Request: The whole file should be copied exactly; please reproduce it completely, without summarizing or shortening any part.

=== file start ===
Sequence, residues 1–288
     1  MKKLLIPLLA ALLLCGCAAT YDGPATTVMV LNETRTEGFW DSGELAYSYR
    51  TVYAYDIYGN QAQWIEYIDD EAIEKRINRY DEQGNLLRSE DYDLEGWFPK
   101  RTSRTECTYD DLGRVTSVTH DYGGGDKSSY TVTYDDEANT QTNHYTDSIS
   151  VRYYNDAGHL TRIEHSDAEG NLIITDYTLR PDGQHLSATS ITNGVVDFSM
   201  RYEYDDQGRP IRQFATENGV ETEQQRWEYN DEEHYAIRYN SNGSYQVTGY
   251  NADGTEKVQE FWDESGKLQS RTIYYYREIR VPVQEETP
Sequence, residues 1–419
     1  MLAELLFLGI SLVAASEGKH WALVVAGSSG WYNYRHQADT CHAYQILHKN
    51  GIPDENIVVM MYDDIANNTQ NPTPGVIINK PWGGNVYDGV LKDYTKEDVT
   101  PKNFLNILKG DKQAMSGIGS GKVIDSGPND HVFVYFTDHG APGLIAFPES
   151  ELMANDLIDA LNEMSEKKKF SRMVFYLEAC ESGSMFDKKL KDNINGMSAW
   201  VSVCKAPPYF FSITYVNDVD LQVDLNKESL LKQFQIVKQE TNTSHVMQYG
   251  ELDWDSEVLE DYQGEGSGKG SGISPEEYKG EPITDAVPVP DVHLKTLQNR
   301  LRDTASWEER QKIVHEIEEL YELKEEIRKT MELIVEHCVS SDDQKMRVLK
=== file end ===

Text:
Sequence, residues 1–288
     1  MKKLLIPLLA ALLLCGCAAT YDGPATTVMV LNETRTEGFW DSGELAYSYR
    51  TVYAYDIYGN QAQWIEYIDD EAIEKRINRY DEQGNLLRSE DYDLEGWFPK
   101  RTSRTECTYD DLGRVTSVTH DYGGGDKSSY TVTYDDEANT QTNHYTDSIS
   151  VRYYNDAGHL TRIEHSDAEG NLIITDYTLR PDGQHLSATS ITNGVVDFSM
   201  RYEYDDQGRP IRQFATENGV ETEQQRWEYN DEEHYAIRYN SNGSYQVTGY
   251  NADGTEKVQE FWDESGKLQS RTIYYYREIR VPVQEETP
Sequence, residues 1–419
     1  MLAELLFLGI SLVAASEGKH WALVVAGSSG WYNYRHQADT CHAYQILHKN
    51  GIPDENIVVM MYDDIANNTQ NPTPGVIINK PWGGNVYDGV LKDYTKEDVT
   101  PKNFLNILKG DKQAMSGIGS GKVIDSGPND HVFVYFTDHG APGLIAFPES
   151  ELMANDLIDA LNEMSEKKKF SRMVFYLEAC ESGSMFDKKL KDNINGMSAW
   201  VSVCKAPPYF FSITYVNDVD LQVDLNKESL LKQFQIVKQE TNTSHVMQYG
   251  ELDWDSEVLE DYQGEGSGKG SGISPEEYKG EPITDAVPVP DVHLKTLQNR
   301  LRDTASWEER QKIVHEIEEL YELKEEIRKT MELIVEHCVS SDDQKMRVLK